A pastor friend of mine told me recently that a quarter of the congregation he serves left for more convenient environs when their services had to move to a different rented facility and change the time of their gatherings to the afternoon. I thought, “Is that all their church meant to them, a comfortable place to meet at a convenient time?” Whatever happened to family, loyalty, community – to say nothing of discipleship and disciple-making? There’s something broken in the Bride.
In my opinion, how we view the role of the Church and what we expect of our leaders in general has contributed to her brokenness. Eugene Petersen, who pastored for many years and wrote the paraphrase of the Bible called, The Message said, “Some people come to church looking for a way to make life better, to feel good about themselves, to see things in a better light. They arrange a ritual and hire a preacher to make that happen for them.” The Church was never supposed to be an event, a place, or an organization. It’s a family on a mission together. We gather in order to be equipped and mobilized in order to scatter into the world to make a difference.
As I walked away from our conversation I got kinda worked up about it, as I’m apt to get about such things. Then as I thought more about it, it occurred to me that we (us church leader types) helped create the pitiful state of the local church by relying on performances and programs to attract members. Once we started down that road we had to keep it up, if not ramp it up, in order to hold on to people.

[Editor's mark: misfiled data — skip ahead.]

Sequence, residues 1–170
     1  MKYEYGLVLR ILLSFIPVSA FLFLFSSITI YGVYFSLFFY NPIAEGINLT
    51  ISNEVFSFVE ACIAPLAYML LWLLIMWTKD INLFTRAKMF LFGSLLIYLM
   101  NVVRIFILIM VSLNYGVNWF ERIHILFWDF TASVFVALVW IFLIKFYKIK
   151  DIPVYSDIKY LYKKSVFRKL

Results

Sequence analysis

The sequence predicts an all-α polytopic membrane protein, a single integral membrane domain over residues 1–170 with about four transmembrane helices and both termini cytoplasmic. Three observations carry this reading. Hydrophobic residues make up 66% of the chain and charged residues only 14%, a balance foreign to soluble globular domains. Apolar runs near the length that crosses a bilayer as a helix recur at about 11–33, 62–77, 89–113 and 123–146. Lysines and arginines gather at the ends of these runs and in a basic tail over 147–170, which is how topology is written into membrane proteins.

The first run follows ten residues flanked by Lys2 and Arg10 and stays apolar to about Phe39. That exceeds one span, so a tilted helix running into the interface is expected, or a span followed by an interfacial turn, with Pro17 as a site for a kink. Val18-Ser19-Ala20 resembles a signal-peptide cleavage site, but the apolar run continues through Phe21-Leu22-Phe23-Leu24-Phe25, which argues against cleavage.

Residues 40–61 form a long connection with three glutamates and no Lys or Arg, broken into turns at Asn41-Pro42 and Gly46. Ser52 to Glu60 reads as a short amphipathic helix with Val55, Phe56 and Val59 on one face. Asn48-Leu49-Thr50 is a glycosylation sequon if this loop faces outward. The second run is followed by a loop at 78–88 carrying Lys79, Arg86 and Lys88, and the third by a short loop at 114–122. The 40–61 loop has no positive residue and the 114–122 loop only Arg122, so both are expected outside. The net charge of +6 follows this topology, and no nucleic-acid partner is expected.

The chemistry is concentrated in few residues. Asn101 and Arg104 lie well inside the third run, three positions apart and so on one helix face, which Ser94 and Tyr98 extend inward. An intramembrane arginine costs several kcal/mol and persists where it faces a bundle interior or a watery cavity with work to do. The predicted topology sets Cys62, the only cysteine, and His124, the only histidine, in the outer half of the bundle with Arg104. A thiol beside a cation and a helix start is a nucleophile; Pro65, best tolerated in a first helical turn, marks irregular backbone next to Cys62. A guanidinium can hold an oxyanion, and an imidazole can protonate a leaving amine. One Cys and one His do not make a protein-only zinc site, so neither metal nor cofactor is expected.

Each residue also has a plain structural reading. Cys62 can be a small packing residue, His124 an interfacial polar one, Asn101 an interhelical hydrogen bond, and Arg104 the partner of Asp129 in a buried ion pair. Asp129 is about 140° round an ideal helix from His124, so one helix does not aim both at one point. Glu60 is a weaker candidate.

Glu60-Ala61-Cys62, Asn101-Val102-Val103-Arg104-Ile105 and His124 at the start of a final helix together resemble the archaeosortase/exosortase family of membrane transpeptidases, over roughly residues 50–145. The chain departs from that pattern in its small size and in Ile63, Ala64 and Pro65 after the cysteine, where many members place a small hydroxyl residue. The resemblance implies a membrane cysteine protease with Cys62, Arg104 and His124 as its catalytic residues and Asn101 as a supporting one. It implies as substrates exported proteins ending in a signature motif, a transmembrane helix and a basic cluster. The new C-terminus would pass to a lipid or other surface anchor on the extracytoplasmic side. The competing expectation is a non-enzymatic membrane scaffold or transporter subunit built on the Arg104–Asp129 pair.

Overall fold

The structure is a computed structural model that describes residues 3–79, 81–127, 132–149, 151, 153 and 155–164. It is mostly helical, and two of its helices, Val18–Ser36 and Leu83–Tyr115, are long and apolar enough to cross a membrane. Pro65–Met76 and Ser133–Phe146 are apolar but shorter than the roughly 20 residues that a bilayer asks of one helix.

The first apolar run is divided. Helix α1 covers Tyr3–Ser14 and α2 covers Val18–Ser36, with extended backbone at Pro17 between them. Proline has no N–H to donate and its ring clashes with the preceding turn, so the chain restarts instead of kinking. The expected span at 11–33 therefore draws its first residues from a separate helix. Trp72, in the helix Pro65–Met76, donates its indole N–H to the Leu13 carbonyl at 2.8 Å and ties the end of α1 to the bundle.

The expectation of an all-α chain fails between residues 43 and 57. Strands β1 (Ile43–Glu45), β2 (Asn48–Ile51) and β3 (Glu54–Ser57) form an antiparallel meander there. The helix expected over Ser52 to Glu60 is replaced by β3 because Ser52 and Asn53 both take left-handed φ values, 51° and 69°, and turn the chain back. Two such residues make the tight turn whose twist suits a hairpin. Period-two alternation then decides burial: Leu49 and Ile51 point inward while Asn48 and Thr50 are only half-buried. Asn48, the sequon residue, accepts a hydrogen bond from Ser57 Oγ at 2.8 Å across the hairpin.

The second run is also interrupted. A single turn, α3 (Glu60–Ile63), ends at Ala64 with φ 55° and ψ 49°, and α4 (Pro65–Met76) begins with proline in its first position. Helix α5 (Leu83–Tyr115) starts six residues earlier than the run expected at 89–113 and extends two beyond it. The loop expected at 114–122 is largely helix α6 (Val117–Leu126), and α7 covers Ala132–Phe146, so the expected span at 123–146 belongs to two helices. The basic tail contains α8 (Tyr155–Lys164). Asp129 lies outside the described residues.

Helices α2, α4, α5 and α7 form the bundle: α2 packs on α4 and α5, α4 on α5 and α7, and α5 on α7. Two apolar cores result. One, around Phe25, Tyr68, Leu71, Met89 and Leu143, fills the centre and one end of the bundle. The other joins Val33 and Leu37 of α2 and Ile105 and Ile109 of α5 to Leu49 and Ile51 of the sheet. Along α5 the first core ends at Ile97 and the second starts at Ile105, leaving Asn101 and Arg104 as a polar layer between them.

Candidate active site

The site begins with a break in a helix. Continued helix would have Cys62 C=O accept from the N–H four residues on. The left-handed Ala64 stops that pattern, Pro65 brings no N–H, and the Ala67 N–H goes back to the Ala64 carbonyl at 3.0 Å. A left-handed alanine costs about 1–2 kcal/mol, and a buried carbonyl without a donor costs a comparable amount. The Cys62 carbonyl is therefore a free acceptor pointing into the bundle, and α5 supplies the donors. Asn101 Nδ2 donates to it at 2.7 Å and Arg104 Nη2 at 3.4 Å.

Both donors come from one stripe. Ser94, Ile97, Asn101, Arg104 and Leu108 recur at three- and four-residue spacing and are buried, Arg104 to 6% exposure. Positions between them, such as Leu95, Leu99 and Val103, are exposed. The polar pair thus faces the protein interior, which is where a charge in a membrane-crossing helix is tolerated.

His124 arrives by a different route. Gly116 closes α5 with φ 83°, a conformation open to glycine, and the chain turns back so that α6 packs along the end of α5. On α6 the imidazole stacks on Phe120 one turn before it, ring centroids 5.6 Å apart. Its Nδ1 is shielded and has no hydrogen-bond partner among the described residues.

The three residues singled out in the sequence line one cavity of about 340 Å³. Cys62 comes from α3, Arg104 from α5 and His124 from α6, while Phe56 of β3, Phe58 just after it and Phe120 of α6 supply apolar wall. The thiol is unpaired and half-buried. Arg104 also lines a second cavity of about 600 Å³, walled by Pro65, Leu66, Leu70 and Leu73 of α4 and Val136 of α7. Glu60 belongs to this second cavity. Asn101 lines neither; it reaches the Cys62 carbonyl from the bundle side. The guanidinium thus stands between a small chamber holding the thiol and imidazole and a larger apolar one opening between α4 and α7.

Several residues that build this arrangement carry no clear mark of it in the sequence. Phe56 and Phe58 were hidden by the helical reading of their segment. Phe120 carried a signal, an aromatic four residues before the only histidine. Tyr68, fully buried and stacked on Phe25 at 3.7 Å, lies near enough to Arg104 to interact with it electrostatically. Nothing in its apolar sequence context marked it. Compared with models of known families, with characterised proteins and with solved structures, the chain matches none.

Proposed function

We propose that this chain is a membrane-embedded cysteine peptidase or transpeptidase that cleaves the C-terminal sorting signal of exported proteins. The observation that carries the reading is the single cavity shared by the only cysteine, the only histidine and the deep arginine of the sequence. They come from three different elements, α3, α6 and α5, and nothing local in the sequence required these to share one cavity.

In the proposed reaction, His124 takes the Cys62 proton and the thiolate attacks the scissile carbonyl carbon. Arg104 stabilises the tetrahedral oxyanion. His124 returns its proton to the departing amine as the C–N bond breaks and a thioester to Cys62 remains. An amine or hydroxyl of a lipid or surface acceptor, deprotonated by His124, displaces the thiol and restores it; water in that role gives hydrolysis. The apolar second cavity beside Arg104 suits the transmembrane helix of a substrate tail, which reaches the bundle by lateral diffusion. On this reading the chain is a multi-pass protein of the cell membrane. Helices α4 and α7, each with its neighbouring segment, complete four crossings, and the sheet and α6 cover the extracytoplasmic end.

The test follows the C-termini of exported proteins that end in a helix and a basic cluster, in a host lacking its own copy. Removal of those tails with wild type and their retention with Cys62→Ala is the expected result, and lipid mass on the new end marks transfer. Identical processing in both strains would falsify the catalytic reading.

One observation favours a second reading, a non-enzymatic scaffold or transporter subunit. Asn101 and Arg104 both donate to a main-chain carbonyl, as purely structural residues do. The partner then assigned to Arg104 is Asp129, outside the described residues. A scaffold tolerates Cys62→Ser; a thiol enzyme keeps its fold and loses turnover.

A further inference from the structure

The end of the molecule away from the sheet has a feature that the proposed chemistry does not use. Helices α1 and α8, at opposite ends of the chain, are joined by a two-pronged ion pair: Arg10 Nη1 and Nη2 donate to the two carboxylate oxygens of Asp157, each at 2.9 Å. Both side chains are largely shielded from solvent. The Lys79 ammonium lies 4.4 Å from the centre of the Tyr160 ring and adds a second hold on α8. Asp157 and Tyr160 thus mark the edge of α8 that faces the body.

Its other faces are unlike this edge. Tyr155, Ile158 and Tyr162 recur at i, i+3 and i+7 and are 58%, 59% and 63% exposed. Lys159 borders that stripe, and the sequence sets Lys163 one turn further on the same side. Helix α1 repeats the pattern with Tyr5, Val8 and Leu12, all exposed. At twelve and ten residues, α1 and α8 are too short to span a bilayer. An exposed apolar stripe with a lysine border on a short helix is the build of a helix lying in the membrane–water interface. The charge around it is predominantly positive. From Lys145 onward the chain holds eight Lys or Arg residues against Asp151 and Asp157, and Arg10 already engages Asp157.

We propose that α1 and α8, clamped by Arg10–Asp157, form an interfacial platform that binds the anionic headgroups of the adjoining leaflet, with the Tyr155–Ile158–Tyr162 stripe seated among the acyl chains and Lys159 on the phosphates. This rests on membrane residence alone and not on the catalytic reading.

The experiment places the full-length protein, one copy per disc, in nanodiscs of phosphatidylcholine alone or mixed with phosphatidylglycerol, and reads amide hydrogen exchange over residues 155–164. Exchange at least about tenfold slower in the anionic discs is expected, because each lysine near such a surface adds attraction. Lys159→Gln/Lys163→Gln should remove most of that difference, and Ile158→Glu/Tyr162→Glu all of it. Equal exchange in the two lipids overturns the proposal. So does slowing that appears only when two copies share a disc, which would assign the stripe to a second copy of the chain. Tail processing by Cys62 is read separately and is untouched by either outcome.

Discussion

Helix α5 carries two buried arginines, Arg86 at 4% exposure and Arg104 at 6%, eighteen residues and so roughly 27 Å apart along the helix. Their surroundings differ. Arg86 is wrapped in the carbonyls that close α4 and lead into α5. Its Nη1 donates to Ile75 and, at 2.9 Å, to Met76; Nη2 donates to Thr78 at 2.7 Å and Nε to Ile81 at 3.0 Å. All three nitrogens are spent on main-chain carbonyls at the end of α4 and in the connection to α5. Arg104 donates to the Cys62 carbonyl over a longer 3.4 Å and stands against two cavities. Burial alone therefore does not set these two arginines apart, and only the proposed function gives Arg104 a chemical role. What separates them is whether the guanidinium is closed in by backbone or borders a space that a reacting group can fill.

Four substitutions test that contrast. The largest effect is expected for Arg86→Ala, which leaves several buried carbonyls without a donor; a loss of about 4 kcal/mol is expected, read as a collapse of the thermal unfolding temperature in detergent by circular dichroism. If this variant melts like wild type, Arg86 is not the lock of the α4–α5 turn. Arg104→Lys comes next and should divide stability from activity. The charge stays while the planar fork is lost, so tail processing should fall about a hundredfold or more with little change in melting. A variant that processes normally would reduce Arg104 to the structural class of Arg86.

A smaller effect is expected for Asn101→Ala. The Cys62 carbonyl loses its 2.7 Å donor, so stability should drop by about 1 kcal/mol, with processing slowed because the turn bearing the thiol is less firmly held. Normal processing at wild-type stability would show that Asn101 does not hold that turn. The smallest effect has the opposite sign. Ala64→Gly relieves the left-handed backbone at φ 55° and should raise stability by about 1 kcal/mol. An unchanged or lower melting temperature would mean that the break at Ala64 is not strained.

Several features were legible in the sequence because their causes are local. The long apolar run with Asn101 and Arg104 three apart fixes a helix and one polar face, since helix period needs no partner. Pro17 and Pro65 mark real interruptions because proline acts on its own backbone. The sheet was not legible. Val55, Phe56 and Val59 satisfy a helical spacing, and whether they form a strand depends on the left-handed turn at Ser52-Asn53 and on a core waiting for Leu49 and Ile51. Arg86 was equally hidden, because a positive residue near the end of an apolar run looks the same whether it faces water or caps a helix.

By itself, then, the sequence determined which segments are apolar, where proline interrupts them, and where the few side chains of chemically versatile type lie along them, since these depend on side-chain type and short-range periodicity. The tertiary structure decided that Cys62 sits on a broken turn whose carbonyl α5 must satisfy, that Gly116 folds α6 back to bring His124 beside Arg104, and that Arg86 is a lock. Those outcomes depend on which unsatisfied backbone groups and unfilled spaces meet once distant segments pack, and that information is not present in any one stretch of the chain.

David Platt wrote, “We’ve created a vicious cycle of endless program upgrades, staff improvements, and building campaigns to feed the consumer monster. The monster is always hungry. Pastors are burned out. Members are marginalized. The lost community gets a corrupted caricature of the Kingdom of God.” I couldn’t agree more. This system is practically a sleeping pill for parishioners and a cyanide pill for pastors.
We mistakenly thought that if people came to our churches for some less than worthy reasons – an entertaining religious experience in a comfy environment – they would stay for the worthy ones – discipleship, community, and mission. For the most part it doesn’t seem to have turned out exactly that way. There’s no wonder, at least to my mind, why we have such a large percentage of immature and fickle Christians in our churches. They came for the cool music and engaging programs performed in convenience and comfort, and when those things waned – after wearing out the leaders – they left for greener pastures. We scurried around to provide the best program at the best place at the best time in the best facility and then when the church down the street provided something even better they “felt called” to go over there. Can we blame them? We taught them what the Church is all about and we’ll have to deal with it when they take us seriously.
That people choose a church based on the music they like, the preaching that reaches them, the location right off the freeway and close to restaurant row says at least as much about their leaders as it does them.
I’ve often said that the pastor’s job is not to “serve us,” but rather to equip us to do “serv-ice.” He/she is not our employee that we hire to work for us. My friend has a plaque on his desk that says: “The good leader knows the way, goes the way, and shows the way.” I added to it, “…and gets out of the way!” Ephesians 4:11-12 is clear. We don’t expect leaders to do the ministry, but equip us to do our work of ministry. And we don’t pay the pastor to do his/her ministry, but support him/her so s/he can. S/he doesn’t pinch hit for us, but stands in the third-base coach’s box cheering us to hit for ourselves and telling us when to slide.
There’s something broken in the Bride, and I apologize for anything I did to contribute to the brokenness.